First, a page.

The NSW privacy watchdog has been asked to investigate how more than 54,000 scanned driver’s licences were left exposed in an open Amazon Web Services storage instance.
NSW Labor called for the investigation over the weekend after iTnews revealed the mystery data leak, which also exposed tolling notice statutory declarations.
The open AWS S3 bucket, containing 108,535 images of the front and back of scanned driver's licences, was found by Bob Diachenko of Security Discovery.
While Transport for NSW and Cyber Security NSW are continuing to investigate the instance, which has since been closed, an unspecified third-party is understood to be responsible.
"Initial information indicates the exposed AWS S3 bucket is not related to Transport for NSW or any government system," the spokesperson told iTnews last week.
But Labor’s public services spokesperson Sophie Cotsis has nevertheless “requested an investigation ... by the Information and Privacy Commissioners and the NSW Auditor-General”.
She has also asked the government to explain how the leak could happen and “notify people whose details have been exposed”.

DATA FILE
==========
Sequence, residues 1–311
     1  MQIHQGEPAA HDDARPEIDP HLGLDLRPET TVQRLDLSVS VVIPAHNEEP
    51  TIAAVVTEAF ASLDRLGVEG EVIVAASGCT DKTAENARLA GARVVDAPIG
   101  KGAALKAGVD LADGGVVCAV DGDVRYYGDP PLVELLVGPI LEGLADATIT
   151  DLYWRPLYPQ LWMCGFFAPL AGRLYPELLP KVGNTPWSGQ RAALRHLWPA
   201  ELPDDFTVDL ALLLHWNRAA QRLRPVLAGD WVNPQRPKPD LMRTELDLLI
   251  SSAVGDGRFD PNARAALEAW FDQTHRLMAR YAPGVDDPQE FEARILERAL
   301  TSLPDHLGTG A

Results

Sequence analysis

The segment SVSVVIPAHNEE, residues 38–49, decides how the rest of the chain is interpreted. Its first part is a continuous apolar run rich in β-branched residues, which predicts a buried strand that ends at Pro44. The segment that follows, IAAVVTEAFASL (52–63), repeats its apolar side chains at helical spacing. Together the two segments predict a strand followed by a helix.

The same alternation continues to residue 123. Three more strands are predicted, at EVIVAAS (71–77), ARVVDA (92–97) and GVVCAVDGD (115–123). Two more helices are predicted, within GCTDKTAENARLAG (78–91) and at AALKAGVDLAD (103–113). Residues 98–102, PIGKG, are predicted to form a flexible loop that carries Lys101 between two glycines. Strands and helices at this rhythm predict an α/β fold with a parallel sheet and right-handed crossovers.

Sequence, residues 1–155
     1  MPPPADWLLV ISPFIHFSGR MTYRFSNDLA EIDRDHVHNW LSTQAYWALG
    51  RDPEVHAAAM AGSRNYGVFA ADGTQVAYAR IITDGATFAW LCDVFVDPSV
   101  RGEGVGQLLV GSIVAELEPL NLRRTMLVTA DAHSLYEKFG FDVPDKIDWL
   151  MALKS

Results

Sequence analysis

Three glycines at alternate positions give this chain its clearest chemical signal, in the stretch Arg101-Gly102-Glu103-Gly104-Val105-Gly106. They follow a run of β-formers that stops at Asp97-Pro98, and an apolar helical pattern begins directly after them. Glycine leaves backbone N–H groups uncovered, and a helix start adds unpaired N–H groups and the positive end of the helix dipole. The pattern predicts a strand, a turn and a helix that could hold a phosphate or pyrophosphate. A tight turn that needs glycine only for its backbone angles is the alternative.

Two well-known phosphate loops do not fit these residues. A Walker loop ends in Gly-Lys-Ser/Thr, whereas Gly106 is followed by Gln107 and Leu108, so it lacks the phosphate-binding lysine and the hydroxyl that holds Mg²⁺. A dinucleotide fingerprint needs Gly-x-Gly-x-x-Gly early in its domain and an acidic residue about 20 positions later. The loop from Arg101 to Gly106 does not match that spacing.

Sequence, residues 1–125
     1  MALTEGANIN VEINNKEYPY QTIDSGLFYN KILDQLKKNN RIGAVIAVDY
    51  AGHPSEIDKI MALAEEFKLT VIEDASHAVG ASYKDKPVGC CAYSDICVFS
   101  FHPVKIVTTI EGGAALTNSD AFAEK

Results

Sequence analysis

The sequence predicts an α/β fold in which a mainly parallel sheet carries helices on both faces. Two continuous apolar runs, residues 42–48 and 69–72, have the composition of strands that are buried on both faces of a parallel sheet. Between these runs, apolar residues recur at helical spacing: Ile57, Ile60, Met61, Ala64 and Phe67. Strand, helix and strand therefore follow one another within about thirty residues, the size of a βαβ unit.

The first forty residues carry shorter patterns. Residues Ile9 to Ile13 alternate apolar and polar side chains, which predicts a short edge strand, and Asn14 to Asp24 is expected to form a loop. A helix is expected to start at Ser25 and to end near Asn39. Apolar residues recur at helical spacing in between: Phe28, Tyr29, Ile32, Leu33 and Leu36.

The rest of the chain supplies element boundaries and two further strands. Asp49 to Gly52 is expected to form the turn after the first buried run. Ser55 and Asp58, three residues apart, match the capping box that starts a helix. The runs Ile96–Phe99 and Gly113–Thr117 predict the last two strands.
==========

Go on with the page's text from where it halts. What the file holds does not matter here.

“We also expect this matter will be examined by a Parliamentary Inquiry into Cyber Security which was established earlier this month,” she added.
A copy of the letter sighted by iTnews asks that the NSW Auditor-General expand the scope of its current performance audit of cyber security to consider the mystery data leak.
The NSW Auditor-General is already considering an audit around Service NSW’s handling of sensitive customer information at the request of Customer Service Minister Victor Dominello.
The request was made shortly after Service NSW suffered an email compromise attack that impacted the accounts of staff members and information of an unknown number of citizens.
Cotsis also lamented NSW’s lack of a mandatory data breach notification scheme for state government agencies.
While the government pledged to introduce such a scheme in March, making it the first state or territory jurisdiction to do so, there has been no movement since then.
“There is no mandatory notification requirement for data breaches in NSW. That’s not good enough,” she said.
“Public sector agencies should be required to notify people who have been affected by serious privacy breaches.